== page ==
“During the 1980’s over 70% of American adults believed in the existence of abusive Satanic cults. Another 30% rationalized the lack of evidence due to government cover-ups. The following is based on true unexplained events.”
Here we go again; at least that’s what I was thinking as House Of The Devil started to unfold with the above introduction. I remember well the “Satanic Panic” that goes back to the early 1970’s. It was a somewhat natural extension of the Manson Family murders. While that might not have been Satanic related, it sparked the imaginations of a fearful country, and before long there were urban legends of human sacrifice and ritualistic slayings all over the country. While actual cases were impossible to track down, the tales persisted. Now House Of The Devil takes that Satan-worshipping genre and throws in the isolated babysitter, and before you know it you’d think you were back around 1980 when the slasher genre was evolving into one of Hollywood’s most successful “fear cycles”. What you get looks very much like a “dated” film from the sets to the decision to film in 16mm to get that grainy, dark atmosphere that most of us old enough to remember those films identify with the genre.
Samantha (Donahue) is a college girl who hates living in the dorms with her sex-crazed roommate. She decides to take a room from a kindly old landlady played very quickly by Dee Wallace, drop the Stone. Now all she has to do is come up with the first month’s rent so she can move in. That’s when she sees an advert for a babysitter. She calls and finds the guy is somewhat desperate and willing to pay top dollar to fill the job. Her friend Megan (Gerwig) is suspicious, having heard some horrible stories about babysitters being hurt by psychos. She insists on driving Samantha to the job and helping her check it out. Once there, Mr. Ulman (Noonan) admits that he lured her there under false pretenses. There are no children to watch. Instead he needs someone to be there for “Mother” (Noe) who is old and infirm. Samantha’s not having any of it until she jacks the pay up to $400 for the night. This guy is REALLY desperate. He leaves her pizza money and the number of a good local joint. Megan reluctantly leaves, and Samantha begins her vigil in the old creepy house. Of course, babysitting isn’t really the service the Ulman’s had in mind for the young attractive co-ed. She’s to be the sacrifice for their intimate Devil worshiping group in celebration of a rare complete lunar eclipse.
This one is all about the atmosphere. It never tries to be anything but. Filmed to look and feel like a 1970’s or 80’s early style slasher, you get quite an authentic experience out of this one. Tom Noonan is no stranger to creepy roles and looks menacing without saying a word. There isn’t really a ton of killings and gore here, but makeup artists Ozzy Alvarez and Danielle Noe, who doubles as the misshapen Mother, take a small budget to its limits. The house is a cross between Amityville and Collinswood. Not really the big Gothic mansion that you might expect, but large, isolated, and old enough to take you where this film wants you to go. For a long time very little happens in this movie, but you’re enjoying the surrounds enough that you don’t ever really mind. The two female leads don’t really bring the best acting chops to the table, but honestly, those weren’t the kind of “chops” you were exactly watching for anyway, where they?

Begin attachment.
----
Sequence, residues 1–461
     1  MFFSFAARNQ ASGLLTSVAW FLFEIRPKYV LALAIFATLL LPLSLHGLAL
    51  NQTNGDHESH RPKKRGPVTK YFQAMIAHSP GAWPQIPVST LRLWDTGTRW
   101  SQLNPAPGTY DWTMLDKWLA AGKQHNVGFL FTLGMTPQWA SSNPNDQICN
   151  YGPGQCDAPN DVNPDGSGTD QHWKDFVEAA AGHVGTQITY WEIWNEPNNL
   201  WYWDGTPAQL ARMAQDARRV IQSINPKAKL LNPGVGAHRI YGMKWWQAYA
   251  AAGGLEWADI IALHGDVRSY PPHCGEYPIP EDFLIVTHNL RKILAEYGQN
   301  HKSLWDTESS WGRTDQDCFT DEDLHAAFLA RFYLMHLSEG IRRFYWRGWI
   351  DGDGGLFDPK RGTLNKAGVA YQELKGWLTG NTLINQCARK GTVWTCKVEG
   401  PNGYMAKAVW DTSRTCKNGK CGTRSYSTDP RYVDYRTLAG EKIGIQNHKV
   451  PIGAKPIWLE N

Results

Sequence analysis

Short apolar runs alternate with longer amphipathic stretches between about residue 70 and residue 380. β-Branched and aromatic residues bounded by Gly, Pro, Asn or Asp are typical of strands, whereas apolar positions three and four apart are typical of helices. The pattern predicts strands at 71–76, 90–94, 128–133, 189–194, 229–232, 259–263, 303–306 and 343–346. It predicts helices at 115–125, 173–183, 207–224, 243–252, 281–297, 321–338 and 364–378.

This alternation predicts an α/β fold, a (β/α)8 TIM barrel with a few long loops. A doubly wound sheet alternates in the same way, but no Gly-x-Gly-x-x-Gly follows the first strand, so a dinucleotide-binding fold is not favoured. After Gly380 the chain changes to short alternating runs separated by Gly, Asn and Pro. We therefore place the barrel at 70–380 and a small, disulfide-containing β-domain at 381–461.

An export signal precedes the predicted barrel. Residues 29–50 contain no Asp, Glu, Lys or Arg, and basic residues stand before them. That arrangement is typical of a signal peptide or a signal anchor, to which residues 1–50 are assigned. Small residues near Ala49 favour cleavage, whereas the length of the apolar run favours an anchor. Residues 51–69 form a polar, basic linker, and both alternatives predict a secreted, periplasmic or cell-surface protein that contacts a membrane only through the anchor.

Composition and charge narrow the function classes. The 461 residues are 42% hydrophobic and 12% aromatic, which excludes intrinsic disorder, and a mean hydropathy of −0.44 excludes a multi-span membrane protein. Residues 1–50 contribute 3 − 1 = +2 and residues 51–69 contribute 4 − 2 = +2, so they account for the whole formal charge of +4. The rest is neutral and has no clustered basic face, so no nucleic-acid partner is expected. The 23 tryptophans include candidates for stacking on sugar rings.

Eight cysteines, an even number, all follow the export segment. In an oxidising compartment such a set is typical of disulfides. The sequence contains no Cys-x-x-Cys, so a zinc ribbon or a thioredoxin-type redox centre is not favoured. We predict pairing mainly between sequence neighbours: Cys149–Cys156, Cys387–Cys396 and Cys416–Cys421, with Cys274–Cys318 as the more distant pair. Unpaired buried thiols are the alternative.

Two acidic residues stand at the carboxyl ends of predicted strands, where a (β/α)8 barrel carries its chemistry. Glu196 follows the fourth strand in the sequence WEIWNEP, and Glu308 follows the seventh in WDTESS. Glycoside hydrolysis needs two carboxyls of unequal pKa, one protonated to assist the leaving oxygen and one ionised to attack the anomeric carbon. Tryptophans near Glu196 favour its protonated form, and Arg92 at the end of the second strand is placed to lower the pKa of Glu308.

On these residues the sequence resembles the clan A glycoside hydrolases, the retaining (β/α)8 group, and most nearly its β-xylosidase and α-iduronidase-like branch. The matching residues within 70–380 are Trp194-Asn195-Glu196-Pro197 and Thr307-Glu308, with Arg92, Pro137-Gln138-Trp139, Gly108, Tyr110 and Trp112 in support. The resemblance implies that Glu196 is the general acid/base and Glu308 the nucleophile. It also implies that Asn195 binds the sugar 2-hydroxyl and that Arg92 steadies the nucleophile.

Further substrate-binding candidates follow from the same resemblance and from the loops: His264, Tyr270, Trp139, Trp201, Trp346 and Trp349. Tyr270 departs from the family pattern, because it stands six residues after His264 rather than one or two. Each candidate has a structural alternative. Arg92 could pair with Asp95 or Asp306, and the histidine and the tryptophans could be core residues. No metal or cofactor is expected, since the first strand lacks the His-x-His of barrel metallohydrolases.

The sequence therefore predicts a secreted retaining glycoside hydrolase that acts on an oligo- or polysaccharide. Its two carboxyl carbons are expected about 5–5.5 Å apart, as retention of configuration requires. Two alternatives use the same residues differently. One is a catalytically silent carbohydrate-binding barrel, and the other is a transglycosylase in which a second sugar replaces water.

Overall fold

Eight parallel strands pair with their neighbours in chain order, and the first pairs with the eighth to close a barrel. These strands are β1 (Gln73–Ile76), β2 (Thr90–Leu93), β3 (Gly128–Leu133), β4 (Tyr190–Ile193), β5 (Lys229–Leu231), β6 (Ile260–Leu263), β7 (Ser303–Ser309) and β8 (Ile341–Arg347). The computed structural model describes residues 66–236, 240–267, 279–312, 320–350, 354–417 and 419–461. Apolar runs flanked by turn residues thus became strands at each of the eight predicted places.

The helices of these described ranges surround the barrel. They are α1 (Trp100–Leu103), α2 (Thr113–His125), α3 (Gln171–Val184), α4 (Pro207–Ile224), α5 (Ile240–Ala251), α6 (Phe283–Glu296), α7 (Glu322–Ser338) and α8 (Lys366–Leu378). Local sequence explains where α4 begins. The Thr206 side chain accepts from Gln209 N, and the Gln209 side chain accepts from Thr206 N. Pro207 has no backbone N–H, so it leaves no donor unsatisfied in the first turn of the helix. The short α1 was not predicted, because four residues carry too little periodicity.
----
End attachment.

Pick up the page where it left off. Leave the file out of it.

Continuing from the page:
Director and writer Ti West has a real passion for the subject, and that’s what comes through more than anything else. Each shot appears to be carefully thought out. He makes the most use of his “non-action”, allowing the low budget affair to work even when it’s not. So it’s easy to excuse bad acting and slow pacing when you’re just having fun. That’s really what it’s about here, just having some fun, and this one will allow you to have a devil of a time at it.
House Of The Devil is presented in its original aspect ratio of 1.78:1. This is a very dark film in almost every regard. The 16mm film means there will be plenty of grain and not the sharpest picture. In today’s high definition razor-sharp world, this would seem like a poor fit. But it’s all atmosphere, and it works just fine. Colors are heavy in browns and grays.
The Dolby Digital 5.1 track is very quiet. While much of that works for the overall ambiance of the piece, I did find it a bit too subdued. The notable exceptions here are the rather loud musical interludes and montages. Certainly it fits the whole 80’s range of the intended style, but I found that the least enjoyable aspect of the retro design. Dialog is not always easy to grab. It actually plays a little better in the 2.0 option.
There are 2 Audio Commentaries to be found here. Both tracks feature Ti West. In the first he’s joined by actress Donahue. Donahue whines a bit and offers a much more self- centered take on the film. The second and far more engaging commentary features West again, this time with a couple of crew members. These guys get into the atmosphere here and talk a lot about the influences and Satanic panic notions that led to making the film.
In The House Of The Devil: (13:34) Raw behind the scenes footage with no interaction from cast or crew members.
Behind The House Of The Devil: (4:41) Cast and crew offer very brief tidbits on their characters and the film.
3 Deleted Scenes
Every once in a while style over substance works. This is absolutely one such incident. It’s quite obvious what West was going for here, and with little money and a hard working crew that pulled a lot of double duties this film shows off the hard work and almost troupe mentality that this team employed to pull this movie off. The film pulls in a lot of urban legends and old wives’ tales to create its horror. “It’s all those horror stories that you read in the papers.”